Technical challenges in implementing the TSA were, and continue to be, a significant obstacle given that state banks – especially Rafidain and Rasheed Banks – are structurally weak, operate as state bureaucratic institutions, and have outdated systems. Crucially, these banks don’t have a modern core banking system, which means that their combined 300 or so branches are not connected, and each operates as a stand-alone bank. This, combined with their weak capacity, makes reconciling the government’s accounts across these branches extremely difficult. Far more daunting is the requirement for the balances in all of these accounts to be swept on a regular basis, daily or weekly, to the treasury’s main account, either manually or electronically.
As a consequence, since 2003, each ministry and SOE effectively have their own financial structure with almost full autonomy over their finances, all funded by the budget. Whether by design or a happy coincidence, this financial autonomy has enhanced the value of ministerial appointments within the Mushasasa Ta’ifia structure, and within its Wikala sub-structure for the appointments of senior civil servants. These appointments, within the Muhasasa’s super-structure, enable the control of state resources by the ethno-sectarian parties in inclusive governments, in proportion to the seats won by each in parliamentary elections.
Given this perspective, not only would the implementation of a full automated TSA, or even a manual facsimile, mean the loss of financial autonomy for each ministry and SOE – it would lead to the creation of a super-powerful MoF to control these finances, and potentially strengthen the role of the prime minister. All of which might be the real reasons behind the failure to implement a TSA.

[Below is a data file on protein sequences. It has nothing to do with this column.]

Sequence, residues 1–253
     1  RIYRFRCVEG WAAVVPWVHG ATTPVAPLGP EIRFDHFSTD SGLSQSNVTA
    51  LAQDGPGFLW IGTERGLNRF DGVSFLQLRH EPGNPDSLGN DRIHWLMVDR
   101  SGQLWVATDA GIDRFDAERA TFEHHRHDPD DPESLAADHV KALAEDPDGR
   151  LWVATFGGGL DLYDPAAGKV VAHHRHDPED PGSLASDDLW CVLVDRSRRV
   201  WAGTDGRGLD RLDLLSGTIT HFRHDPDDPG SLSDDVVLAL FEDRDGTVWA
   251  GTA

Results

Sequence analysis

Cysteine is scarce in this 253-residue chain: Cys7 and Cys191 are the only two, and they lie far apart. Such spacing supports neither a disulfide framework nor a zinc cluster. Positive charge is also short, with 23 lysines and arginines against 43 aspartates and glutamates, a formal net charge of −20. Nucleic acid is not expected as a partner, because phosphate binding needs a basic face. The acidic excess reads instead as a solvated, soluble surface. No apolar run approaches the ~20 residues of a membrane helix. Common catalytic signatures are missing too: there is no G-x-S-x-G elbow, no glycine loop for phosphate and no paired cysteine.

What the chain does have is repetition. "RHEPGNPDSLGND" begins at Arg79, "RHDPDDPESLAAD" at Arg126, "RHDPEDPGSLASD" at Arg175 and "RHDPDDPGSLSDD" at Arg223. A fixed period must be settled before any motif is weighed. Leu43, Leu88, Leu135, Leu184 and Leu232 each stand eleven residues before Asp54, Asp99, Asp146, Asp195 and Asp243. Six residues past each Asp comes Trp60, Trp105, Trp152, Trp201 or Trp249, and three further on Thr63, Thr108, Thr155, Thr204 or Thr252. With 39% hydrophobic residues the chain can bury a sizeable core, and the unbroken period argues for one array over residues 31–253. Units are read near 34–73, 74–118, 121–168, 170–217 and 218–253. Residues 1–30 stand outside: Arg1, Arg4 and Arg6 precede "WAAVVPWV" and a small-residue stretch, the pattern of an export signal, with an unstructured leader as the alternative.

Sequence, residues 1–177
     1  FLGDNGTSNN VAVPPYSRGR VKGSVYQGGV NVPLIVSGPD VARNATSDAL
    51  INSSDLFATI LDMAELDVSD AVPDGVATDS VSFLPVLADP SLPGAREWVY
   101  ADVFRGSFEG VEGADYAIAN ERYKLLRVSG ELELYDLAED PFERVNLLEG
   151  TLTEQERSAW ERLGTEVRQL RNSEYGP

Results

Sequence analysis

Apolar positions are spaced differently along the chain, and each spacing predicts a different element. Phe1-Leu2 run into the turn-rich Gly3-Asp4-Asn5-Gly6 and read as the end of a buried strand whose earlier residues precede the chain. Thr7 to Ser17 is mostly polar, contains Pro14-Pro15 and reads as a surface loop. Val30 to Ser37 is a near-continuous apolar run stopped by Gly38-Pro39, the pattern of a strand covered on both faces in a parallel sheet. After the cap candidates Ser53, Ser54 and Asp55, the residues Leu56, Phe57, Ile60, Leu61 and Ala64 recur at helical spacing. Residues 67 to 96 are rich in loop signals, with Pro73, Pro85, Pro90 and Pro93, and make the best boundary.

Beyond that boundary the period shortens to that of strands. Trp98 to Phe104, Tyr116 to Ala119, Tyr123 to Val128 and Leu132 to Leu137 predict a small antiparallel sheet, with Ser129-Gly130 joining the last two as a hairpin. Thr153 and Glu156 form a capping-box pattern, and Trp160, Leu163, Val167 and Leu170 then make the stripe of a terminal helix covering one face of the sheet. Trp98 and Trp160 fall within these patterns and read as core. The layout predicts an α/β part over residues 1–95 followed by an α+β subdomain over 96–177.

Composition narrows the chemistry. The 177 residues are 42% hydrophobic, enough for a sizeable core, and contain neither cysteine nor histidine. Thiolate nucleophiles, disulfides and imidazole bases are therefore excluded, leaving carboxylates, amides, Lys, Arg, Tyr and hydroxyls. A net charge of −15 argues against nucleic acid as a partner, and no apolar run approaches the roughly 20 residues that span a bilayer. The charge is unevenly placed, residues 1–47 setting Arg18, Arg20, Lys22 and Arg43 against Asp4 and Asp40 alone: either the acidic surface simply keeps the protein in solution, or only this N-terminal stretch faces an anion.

The upshot is that the lack of a TSA effectively hampers the financial performance of the state, in-particular its cash management operations – and makes it impossible to monitor its budget execution. This is especially problematic during crises when oil revenues fall significantly below the level required for the state’s ability to meet its domestic obligations, especially the payment of salaries and pensions, forcing it into unnecessary borrowing or curtailing essential investment spending such as the provision of electricity.
While the data on these accounts are in aggregate form, without specific details, the overall patterns are revealing – especially the different behaviours of the accounts of ministries and SOEs, probably reflecting the varying autonomies enjoyed by each. During the crisis of 2014–17, the deposits of ministries declined substantially, while debt increased as the government squeezed the system to meet its obligations. In contrast, for SOEs their deposits dropped marginally and debts decreased (reflecting the drop in trade finance volumes). The government squeeze ended once the crisis was over, and the system reverted to normal as ministries’ deposits – and debts – increased significantly from mid-2018.
The need to squeeze the system is now much more pressing than it was in 2014–17, as the persistence of the COVID-19 pandemic and the emerging slow and unsynchronised rebound from the global lockdown suggests the onset of rolling crises, which will mean continued pressures on government finances. While accessing these funds would not negate the need for real financial reforms, it would provide the government enough breathing space to execute some reforms, delay the need to borrow and offset any need to cut investment spending – at minimum it would delay the onset of the worst of the inevitable painful economic adjustments should the government fail to make meaningful reforms.